Here are 5 tips for taking photos outdoors this spring and summer from our resident editor and motion graphics animator Milla Sampaio.
1. get a feel for the space
Take a few minutes before you get started to take notes about the lighting where you are. Track the sun position before you start so you will know where to stand in relation to your subject. Cloudy days are better for photographing people with light skin, the clouds work as a big diffuser. If it’s sunny and your subjects are fair-skinned, look for shade. Prepare in advance by checking the weather forecast and schedule the shoot for optimal sunlight (try early morning or late evening) if possible.
Another note about the light is that you may not be able to rely on what can see when you’re outside. Your vision and the camera screen might be affected by the sun, so trust your numbers. Also most cameras work slowly if you are using the display and it is tricky to trust what you see there.
2. know your equipment
Things don’t wait for you in nature so be prepared to make last-minute changes and work fast with the camera settings. Practice ahead of time to make sure you are comfortably able to adjust settings as fast as possible.
3. click often, edit later
Try to take pictures of the same thing with different settings. You probably won’t have time to check your work after every click and that natural moment won’t wait for you, especially if it involves an animal sighting. Autofocus is your friend when timing is of the essence.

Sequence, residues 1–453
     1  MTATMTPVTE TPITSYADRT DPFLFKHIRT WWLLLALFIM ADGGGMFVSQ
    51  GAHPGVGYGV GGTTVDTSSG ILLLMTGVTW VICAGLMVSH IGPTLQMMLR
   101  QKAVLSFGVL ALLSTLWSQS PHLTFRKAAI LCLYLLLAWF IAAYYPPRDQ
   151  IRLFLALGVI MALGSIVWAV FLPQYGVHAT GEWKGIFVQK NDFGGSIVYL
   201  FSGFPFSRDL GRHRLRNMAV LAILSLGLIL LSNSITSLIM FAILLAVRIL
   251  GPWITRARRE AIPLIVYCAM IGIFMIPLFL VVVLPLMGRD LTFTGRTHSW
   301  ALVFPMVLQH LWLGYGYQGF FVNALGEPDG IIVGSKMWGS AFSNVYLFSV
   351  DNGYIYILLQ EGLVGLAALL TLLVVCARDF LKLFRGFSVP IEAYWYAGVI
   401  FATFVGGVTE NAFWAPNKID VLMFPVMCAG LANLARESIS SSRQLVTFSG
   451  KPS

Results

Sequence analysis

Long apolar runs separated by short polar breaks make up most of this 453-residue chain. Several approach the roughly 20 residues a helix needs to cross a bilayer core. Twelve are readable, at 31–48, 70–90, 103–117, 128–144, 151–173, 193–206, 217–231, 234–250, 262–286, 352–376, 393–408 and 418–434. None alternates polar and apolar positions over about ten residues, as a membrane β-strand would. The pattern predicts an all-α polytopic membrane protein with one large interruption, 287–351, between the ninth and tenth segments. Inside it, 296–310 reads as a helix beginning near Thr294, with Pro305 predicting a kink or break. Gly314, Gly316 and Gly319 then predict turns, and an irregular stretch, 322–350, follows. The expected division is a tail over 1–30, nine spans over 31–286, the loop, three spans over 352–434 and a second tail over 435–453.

4. be ready to work with your subjects
Long exposure only works for landscape. With animals and babies, you need the shutter working as quickly as possible so the subject(s) won’t be blurry.
Be aware of your influence. If you are taking photos of animals, try to be silent and move slowly and only if necessary. Don’t be nervous, try to steady your heartbeat, as animals can often sense your feelings. Try not to make them uncomfortable. Close your eyes for a few seconds if they look your way (if it’s safe for you to do so) so they know you are not a threat.
5. dress for the occasion, be prepared
Extra batteries and SD cards are a must, but bring as few pieces of gear as you can so it won’t limit your movements. Use comfortable clothes and don’t be afraid of getting dirty.